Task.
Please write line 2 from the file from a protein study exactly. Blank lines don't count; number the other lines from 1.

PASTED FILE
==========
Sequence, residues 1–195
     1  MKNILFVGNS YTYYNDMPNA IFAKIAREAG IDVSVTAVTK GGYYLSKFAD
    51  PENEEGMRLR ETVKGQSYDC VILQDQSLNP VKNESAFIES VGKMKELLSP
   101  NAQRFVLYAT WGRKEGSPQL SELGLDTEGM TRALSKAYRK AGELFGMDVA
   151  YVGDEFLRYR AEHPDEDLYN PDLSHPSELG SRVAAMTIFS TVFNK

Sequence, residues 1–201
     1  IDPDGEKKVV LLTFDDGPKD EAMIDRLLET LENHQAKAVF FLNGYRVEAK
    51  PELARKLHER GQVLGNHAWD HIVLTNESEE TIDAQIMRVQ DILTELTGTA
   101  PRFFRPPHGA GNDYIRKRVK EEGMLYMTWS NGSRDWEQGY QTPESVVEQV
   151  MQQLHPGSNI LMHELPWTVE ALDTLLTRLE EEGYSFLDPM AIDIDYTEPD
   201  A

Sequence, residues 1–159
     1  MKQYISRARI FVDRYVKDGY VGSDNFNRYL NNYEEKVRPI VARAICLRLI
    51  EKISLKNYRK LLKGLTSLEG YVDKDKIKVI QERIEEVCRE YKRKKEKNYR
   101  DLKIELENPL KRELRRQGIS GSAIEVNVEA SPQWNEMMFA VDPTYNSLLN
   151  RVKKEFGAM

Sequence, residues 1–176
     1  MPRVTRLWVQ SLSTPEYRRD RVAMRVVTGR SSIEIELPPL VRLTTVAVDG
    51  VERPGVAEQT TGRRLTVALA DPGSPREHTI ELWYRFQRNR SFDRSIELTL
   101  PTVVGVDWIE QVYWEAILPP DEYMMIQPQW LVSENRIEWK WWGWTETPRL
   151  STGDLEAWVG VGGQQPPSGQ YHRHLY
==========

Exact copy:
     1  MKNILFVGNS YTYYNDMPNA IFAKIAREAG IDVSVTAVTK GGYYLSKFAD